“Cold” laser treatment for retinal tears
The word “cryo,” derived from the Greek word for “frost,” has many derivatives. Cryotherapy involves exposing a body part to extremely cold temperatures for a short time with the goal of healing and restoring function. Proven effective for a host of physical maladies, cryotherapy is used extensively for the treatment of certain eye conditions.
At the office of The Retina Group of Washington, our team of professionals is skilled in the use of cryotherapy, also known as cryopexy, to repair tears or detachments of the retina and restore good vision for our patients.
Cryotherapy: a closer look
The process involves placing a very cold metal probe against the wall of the eye so that the eye’s layers are frozen — including the retina that lines the inside of the eye. Cryopexy creates an adhesive scar that seals the retina against the wall of the eye. The effect is similar to laser surgery, which is alternative form of treatment — but it uses cold instead of heat. Unlike laser, cryopexy can be used to form an adhesion that will hold the detached retina to the eye wall once the retina attaches. In this way, cryopexy is like glue where laser is more like a stapler.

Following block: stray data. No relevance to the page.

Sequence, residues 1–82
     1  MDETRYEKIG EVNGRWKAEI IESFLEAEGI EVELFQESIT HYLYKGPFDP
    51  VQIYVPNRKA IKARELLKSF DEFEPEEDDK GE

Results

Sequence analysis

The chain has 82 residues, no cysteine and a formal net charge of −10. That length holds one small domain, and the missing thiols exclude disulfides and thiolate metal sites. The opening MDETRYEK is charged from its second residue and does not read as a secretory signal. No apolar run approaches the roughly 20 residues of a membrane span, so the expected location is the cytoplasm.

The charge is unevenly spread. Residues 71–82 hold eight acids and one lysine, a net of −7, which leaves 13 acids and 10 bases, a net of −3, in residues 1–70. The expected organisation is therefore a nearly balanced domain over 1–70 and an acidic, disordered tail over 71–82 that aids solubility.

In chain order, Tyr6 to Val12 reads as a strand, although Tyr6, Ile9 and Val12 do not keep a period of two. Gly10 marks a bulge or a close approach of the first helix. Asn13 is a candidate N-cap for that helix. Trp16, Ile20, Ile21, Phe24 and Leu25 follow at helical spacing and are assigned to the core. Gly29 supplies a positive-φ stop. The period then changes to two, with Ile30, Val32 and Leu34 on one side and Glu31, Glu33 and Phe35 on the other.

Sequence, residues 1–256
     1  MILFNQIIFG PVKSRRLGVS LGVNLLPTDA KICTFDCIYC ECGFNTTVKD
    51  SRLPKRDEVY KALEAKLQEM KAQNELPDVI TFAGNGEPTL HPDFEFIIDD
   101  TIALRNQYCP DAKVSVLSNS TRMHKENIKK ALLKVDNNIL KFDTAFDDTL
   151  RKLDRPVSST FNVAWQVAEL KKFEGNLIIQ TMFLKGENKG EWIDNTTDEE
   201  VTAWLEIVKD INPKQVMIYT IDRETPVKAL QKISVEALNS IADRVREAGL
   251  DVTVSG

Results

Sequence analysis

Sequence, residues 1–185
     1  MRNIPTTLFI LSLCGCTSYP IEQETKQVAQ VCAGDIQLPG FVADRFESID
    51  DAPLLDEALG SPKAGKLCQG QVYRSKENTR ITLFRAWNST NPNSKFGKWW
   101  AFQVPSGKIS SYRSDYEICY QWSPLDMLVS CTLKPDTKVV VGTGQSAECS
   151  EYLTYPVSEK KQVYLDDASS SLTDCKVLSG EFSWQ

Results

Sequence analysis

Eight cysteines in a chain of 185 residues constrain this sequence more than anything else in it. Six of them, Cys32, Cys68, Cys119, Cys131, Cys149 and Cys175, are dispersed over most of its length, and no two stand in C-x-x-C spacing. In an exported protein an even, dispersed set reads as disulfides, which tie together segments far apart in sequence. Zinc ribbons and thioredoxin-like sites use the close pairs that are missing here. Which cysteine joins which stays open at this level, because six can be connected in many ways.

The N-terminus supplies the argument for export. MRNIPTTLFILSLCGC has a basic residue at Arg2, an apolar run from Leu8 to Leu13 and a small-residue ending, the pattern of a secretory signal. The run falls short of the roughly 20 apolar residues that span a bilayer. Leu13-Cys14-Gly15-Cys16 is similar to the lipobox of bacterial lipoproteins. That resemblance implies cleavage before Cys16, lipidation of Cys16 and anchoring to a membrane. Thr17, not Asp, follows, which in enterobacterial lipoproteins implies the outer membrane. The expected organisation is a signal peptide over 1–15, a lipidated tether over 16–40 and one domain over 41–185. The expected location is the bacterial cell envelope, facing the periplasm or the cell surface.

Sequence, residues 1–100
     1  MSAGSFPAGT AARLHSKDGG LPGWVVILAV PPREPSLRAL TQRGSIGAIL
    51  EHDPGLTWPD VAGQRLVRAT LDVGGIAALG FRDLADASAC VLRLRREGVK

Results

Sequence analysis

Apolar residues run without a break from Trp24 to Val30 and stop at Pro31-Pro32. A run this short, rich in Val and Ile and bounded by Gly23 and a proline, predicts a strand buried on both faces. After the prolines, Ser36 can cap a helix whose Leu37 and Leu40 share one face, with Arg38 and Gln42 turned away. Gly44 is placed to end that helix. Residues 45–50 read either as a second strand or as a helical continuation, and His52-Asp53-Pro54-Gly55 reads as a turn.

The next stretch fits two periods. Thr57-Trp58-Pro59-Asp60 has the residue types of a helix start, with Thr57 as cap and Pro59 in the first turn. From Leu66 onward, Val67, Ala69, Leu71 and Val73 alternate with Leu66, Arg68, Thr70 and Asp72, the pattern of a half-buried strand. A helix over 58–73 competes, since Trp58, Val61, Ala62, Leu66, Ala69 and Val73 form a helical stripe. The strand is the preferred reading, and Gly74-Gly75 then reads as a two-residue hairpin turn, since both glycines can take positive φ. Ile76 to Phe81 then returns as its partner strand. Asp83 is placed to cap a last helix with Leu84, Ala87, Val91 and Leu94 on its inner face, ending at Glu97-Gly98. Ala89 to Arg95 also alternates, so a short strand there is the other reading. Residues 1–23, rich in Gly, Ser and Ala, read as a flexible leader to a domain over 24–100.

Following the treatment, it takes cryopexy about a week to form a strong adhesion, so during the first week after cryopexy for a retinal tear, it is best to avoid jarring activity. After the procedure, vision may be blurred briefly, and the operated eye is usually red and swollen for some time. Cold compresses applied to the eyelid can help relieve some of the discomfort. Full healing usually takes about 14 days.
Committed to maintaining good eye health
At the office of The Retina Group of Washington, we’re dedicated to providing the highest quality of skilled and compassionate eye care. We we will perform a comprehensive eye examination to determine if cryopexy is the best treatment plan for you. For more information, give us a call today.